[Ed. Note: Casual Lurker posted the following as a comment to this post, because he reads SJ in spurts, invariably far behind most people, and then leaves long, prolix comments that are occasionally fascinating but, as I’ve told him, tend to be more like private conversations between us since others have long since moved on to more recent posts. Much as he can be a huge pain in the ass and he’s too damn smart for his own good, he really should get his priorities straight and put SJ ahead of his work, his family and his health, so other readers can timely benefit from his comments.
Anyway, his comment was good enough to be a stand alone “guest” post, not to mention was longer than my original post, so I post it here without editing or revision. Just wait until he finds out about this post. Heh.]
Rumors of my demise are… yada, yada yada…
As usual, things are far more complicated than anyone, except the actual negotiating parties involved in drafting the initial Amazon MOU realizes, and so the pols, the media, Etc., all liberally dole out the BS, slanting it toward their respective agendas.
When the dust settles, I suspect they will be replacing Donald Manes name in the old ‘screwed Queens’ gag.
Just prior to the deal’s collapse, at a meeting in City Hall, some off-the-cuff remarks were made by some local lawmakers, within earshot of anyone in the room. The gist of those remarks is that they thought the process was sufficiently far along, where Amazon would not dare pick up their marbles and leave, thus giving the pols more leverage. The pols were playing a game of ‘Chicken’ and they lost. The unions also had a hand in this, as they were putting pressure on city and state lawmakers (other than the Gov. and Hizzoner) to extract additional concessions or suffer the consequences. (The unions in this town have an outsize influence on elections).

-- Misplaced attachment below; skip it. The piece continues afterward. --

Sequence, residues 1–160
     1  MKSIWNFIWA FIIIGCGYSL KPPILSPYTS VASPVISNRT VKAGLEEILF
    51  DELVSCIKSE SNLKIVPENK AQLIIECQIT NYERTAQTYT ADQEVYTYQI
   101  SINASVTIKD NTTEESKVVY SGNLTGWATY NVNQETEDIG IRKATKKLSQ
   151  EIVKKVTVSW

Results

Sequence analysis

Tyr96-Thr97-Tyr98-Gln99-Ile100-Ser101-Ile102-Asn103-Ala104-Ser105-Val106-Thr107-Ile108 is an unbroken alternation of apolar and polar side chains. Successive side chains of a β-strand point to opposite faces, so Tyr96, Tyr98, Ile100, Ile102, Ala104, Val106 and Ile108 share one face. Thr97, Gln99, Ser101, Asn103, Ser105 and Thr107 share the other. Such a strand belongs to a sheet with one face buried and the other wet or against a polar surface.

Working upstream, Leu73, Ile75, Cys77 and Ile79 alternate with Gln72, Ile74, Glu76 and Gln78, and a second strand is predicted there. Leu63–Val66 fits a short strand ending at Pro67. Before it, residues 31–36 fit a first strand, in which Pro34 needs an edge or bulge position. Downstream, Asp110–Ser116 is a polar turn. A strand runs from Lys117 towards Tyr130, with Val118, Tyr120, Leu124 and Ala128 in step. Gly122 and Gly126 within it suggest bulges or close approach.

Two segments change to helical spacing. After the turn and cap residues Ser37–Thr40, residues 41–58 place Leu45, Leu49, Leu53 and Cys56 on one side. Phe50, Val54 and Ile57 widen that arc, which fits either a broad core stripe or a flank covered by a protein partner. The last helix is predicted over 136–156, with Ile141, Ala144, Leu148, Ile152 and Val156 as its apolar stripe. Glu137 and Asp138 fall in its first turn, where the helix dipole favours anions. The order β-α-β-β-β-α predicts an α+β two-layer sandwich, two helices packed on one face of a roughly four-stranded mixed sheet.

One of the main sticking points, given only cursory media coverage, was a demand that new hires only come from within NYC. Amazon said “are you kidding?” While I suspect it was only an opening bid by those making the demand and they were willing to expand to Long Island and Westchester, as a sizable percentage of the jobs created were going to require folks with advanced STEM degrees, several years of experience, and a proven track record of achievement, Amazon was not willing to limit its hiring pool to a narrow region of NY.
After the Dec. 12, 2018 City Council hearing,* that I was (purely by happenstance) present at, I had a good sense that the political theater on display was just the beginning. However, I didn’t think council members, along with their state allies, would go so far as to kill the deal.
While everyone knew Gov. Cuomo and Hizzoner, Comrade de Lousy-O, had a hand in the deal, it was primarily the EDC** that did the math, structured the deal, and drafted the MOU that Amazon agreed to. At that hearing, it was EDC’s rep’ that acted as Amazon’s counsel.
Moreover, the EDC had made non-binding assurances to various “non-parties with interest”, but did not make the MOU available to them. Unfortunately, the “non-parties with interest” made several incorrect assumptions about what was in the MOU.
For the most part, Black Bellamy has it right: State Sen. Michael Gianaris (with prodding from Deputy Council Leader James Van Bramer) is one of the main architects for killing the deal.